Medical device companies, especially those with real-time embedded system products, are often burdened with lengthy verification cycles. Even small development efforts of just a few weeks can result in months of verification. Manual testing is time-consuming and error prone, with functional and system testing that starts late in the software development lifecycle. While there are proven automated test tools and techniques for unit and integration testing, most medical device companies have yet to embrace an overall automated testing strategy that fully develops automation capabilities for the full range of testing required for embedded real-time medical devices. This paper examines the challenges associated with testing embedded real-time medical systems and presents strategies that address these challenges through automation that will improve quality and reduce verification cycle time and costs.
Architecture in an Agile World | 2011
Efficient agile development teams can improve an organization's responsiveness and help control engineering costs. Misaligned software architectures, however, can detract from these benefits, and agile refactoring does not scale to achieve a major architectural reset. In this paper, Foliage promotes "architecture strategy" as a lightweight approach that is complimentary to agile development and offers six key success factors to keep your agile projects cycling in the right direction.
Technical Debt in Medical Software | 2010
Early Intervention Leads to Longer Product Life
Debilitating "technical debt" can derail product development programs, resulting in costly missed market opportunities. This paper provides a quick introduction to the technical debt metaphor as it pertains to best practices in software development, and is then applied to the particular complexities in the development of medical software. We describe where short-term technical debt can be a useful tool and how excessive, unattended debt can hinder quality in the field and cripple development velocity. Specific guidelines are provided on how to assess your current applications for technical debt as you begin planning a technical approach to support your product roadmap.
Tapping the Power of Systems Engineering | 2010
Charlie Alfred, Jesse Ambrosina, Tom Mariano
Featuring systems engineering as a central discipline is a major step in improving effectiveness in product development. The successful application of a systems-view to business and technology challenges enables the development of medical devices that effectively meet clinical and market demands. A thorough systems view also allows for adaptability to changing market conditions and enhances the integration of seamless integration paths- which lead to product development efforts that are on schedule, within budget, and without latent defects. This paper explores how an absent or undisciplined systems engineering role can contribute to a series of development problems that manifest as poor product performance, late products, or products incapable of scaling – especially when product complexity and specialization increase.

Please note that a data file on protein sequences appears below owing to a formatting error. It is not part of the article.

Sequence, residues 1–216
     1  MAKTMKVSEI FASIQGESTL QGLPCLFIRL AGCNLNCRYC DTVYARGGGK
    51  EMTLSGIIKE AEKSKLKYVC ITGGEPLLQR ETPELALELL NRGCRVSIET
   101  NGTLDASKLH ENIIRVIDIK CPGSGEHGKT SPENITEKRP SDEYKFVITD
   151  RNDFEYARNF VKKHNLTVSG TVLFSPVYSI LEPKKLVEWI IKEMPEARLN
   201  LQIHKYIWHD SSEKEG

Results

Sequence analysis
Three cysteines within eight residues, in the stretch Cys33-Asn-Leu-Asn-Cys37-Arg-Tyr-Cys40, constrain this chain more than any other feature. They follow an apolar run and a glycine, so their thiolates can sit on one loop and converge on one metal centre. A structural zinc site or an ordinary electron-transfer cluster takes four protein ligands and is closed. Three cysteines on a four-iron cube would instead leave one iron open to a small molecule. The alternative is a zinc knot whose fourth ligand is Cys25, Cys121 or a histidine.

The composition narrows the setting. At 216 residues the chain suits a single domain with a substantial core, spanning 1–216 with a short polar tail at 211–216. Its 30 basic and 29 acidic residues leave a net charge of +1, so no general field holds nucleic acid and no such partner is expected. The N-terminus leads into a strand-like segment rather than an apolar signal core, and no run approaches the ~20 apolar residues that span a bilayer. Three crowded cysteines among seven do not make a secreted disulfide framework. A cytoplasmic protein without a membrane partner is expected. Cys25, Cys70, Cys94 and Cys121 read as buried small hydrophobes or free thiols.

Your Health Information System is Now a Medical Device | 2010
Are you Ready?
The Food and Drug Administration (FDA) has already begun to inform health information technology (HIT) companies that based on the reliance by care givers on the electronic information managed and presented by HIT systems, the HIT systems themselves (or key aspects of them) fall within the definition of a medical device. Have you thought about how to align your organization and development processes with those required for a medical device? This paper offers HIT companies insight into a few key features providers will look for when considering software vendors for their EHR options, especially now that health information systems are being treated with the same rigor and scrutiny as "traditional" medical devices.
Today's economic outlook presents both interesting problems and opportunities for the companies with which we work. The practice of belt tightening has forced burgeoning trends to the forefront of product development, while other trends have been in the making for a while. As product development teams have been forced to streamline their processes and do more with less, a diverse set of trends are proving to be efficient, cost effective means of doing more with less. This paper identifies and reviews these trends including remote access for diagnostics, monitoring, and support; product line re-engineering; geographically distributed, but integrated, design and development teams; and, more sophisticated test strategies.
The harmonization of standards and the establishment of certification criteria represent significant advances toward the hoped-for seamless sharing of information and common understanding of that information. Yet the landscape is still heavily populated with systems and products operating under the "old rules." Your ability to support your customers in that effort starts with your ability to provide a certified solution in a timely fashion. And that requires an appropriate assessment of your current capabilities, and the proper planning and alignment of your business goals with your product planning and execution.
Avoiding Pitfalls in Incremental Product Line Adoption | 2009
Mark Hersey, Dan O'Connor
Although the concept of forming a product line may be new to you, many before have faced the dual challenges of making strategic progress towards a more efficient software development model while still meeting the urgent needs of existing development plans. This paper offers industry experience that Foliage has gained in helping clients make a successful transition from a "product-centric" approach to a "product-line based" approach to software development; and, focuses specifically on the most important issues that inevitably arise when beginning to form a product line by adopting an incremental migration approach.
The Medical Device Development Edge: Software Design-For-Test | 2009
Wayne Lobb, Karl Aeder, Tim Bosch
Designing and implementing software from the start for simulation and automated testing can save months of development calendar time. Software design-for-test consistently enables the rapid recognition and resolution of issues for both software and hardware before formal integration activities commence. Several cost-effective software design-for-test techniques have proven to be practical, pragmatic, and efficient such as methodical use of programming interfaces for simulation; strict isolation of test code from production code; deterministic functional testing of event-driven control; and structured logging that supports efficient event reconstruction for diagnostics.